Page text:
Hyaluronics for Soft-Tissue Augmentation: Practical Considerations and Technical Recommendations

December 2009 | Volume 8 | Issue 12 | Original Article | 1086 | Copyright © 2009

Kenneth Beer MD PA and Nowell Solish MD

Abstract

Hyaluronic acid (HA) fillers are long chains of sugar molecules. Depending on various physical properties, such as chain length and cross-linking, they can have different textures and durations. Injections of hyaluronic acids for soft-tissue augmentation is one of the most popular procedures performed in the U.S., Europe, Asia and Canada. With the development of newer HA molecules, it is likely that this trend will continue. Choosing the right HA for a particular patient depends on various factors, including the area to be treated, skin thickness and patients’ risk tolerance. Understanding the various molecules, and how they interact, is essential for ensuring optimal patient outcomes.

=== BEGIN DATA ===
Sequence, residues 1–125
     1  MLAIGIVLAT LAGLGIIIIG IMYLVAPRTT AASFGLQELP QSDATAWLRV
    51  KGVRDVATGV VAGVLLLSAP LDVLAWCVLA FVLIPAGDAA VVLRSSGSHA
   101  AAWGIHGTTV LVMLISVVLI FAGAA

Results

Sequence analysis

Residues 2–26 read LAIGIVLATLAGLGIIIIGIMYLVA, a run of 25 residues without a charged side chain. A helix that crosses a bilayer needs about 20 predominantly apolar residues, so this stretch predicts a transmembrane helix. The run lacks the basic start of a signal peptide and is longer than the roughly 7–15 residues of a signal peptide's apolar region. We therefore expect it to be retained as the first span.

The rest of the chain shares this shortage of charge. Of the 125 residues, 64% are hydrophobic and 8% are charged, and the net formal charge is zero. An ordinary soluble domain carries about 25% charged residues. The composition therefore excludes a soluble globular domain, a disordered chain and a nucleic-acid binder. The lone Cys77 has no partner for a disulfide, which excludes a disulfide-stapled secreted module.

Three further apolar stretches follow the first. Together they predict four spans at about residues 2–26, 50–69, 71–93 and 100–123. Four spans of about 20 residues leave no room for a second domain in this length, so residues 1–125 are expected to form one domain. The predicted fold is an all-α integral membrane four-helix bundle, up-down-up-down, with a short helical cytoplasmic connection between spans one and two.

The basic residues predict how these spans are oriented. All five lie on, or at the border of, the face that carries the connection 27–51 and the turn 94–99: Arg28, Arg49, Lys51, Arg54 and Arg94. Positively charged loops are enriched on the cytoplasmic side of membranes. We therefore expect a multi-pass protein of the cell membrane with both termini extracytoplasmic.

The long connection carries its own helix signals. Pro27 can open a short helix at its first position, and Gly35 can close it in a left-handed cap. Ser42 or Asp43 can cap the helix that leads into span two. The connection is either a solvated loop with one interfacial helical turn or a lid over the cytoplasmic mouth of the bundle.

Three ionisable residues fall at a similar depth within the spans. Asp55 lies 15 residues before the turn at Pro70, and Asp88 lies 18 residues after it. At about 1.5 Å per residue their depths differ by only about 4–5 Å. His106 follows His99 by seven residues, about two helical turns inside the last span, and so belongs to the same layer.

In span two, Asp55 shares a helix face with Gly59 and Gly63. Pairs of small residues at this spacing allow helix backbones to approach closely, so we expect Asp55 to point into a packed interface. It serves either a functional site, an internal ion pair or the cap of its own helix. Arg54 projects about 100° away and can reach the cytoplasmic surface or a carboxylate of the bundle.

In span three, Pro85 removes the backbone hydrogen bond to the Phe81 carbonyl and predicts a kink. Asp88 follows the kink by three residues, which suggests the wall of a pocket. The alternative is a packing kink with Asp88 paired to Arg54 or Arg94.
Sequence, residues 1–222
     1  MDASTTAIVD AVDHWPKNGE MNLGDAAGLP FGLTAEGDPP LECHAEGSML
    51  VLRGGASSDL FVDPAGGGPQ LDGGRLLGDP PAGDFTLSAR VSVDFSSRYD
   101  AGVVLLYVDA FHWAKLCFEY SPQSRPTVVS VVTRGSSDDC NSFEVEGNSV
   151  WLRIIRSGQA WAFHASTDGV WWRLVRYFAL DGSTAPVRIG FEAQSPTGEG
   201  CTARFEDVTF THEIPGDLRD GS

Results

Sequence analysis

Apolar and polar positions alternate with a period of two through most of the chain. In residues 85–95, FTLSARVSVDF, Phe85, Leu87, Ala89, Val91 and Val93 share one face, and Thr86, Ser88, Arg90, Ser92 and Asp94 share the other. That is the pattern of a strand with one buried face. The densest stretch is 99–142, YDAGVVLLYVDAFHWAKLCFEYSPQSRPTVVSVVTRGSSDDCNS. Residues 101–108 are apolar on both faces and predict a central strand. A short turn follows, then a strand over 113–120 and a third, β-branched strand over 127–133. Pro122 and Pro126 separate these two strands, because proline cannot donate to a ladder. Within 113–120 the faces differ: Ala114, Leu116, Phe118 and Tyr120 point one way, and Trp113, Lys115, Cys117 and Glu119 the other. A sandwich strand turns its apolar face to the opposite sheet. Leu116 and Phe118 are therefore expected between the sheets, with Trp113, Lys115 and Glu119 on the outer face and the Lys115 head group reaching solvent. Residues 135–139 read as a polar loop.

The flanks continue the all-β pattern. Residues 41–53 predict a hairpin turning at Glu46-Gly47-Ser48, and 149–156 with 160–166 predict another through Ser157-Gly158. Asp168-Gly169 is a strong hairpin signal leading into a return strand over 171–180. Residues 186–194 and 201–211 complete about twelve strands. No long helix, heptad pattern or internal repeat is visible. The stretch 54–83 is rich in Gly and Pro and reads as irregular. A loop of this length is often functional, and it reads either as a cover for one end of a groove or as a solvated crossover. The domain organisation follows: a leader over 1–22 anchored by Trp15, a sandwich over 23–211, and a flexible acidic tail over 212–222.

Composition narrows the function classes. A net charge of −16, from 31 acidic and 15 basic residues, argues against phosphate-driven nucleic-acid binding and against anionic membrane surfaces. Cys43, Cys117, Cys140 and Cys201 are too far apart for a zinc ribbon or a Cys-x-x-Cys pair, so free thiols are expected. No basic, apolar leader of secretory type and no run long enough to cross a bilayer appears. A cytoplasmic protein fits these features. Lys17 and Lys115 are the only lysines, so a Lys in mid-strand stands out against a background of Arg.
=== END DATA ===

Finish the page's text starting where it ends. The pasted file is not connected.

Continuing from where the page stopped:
Purchase Original Article

Purchase a single fully formatted PDF of the original manuscript as it was published in the JDD.

Download the original manuscript as it was published in the JDD.

Contact a member of the JDD Sales Team to request a quote or purchase bulk reprints, e-prints or international translation requests.

To get access to JDD's full-text articles and archives, upgrade here.

Save an unformatted copy of this article for on-screen viewing.

Print the full-text of article as it appears on the JDD site.

→ proceed | ↑ close

Related Articles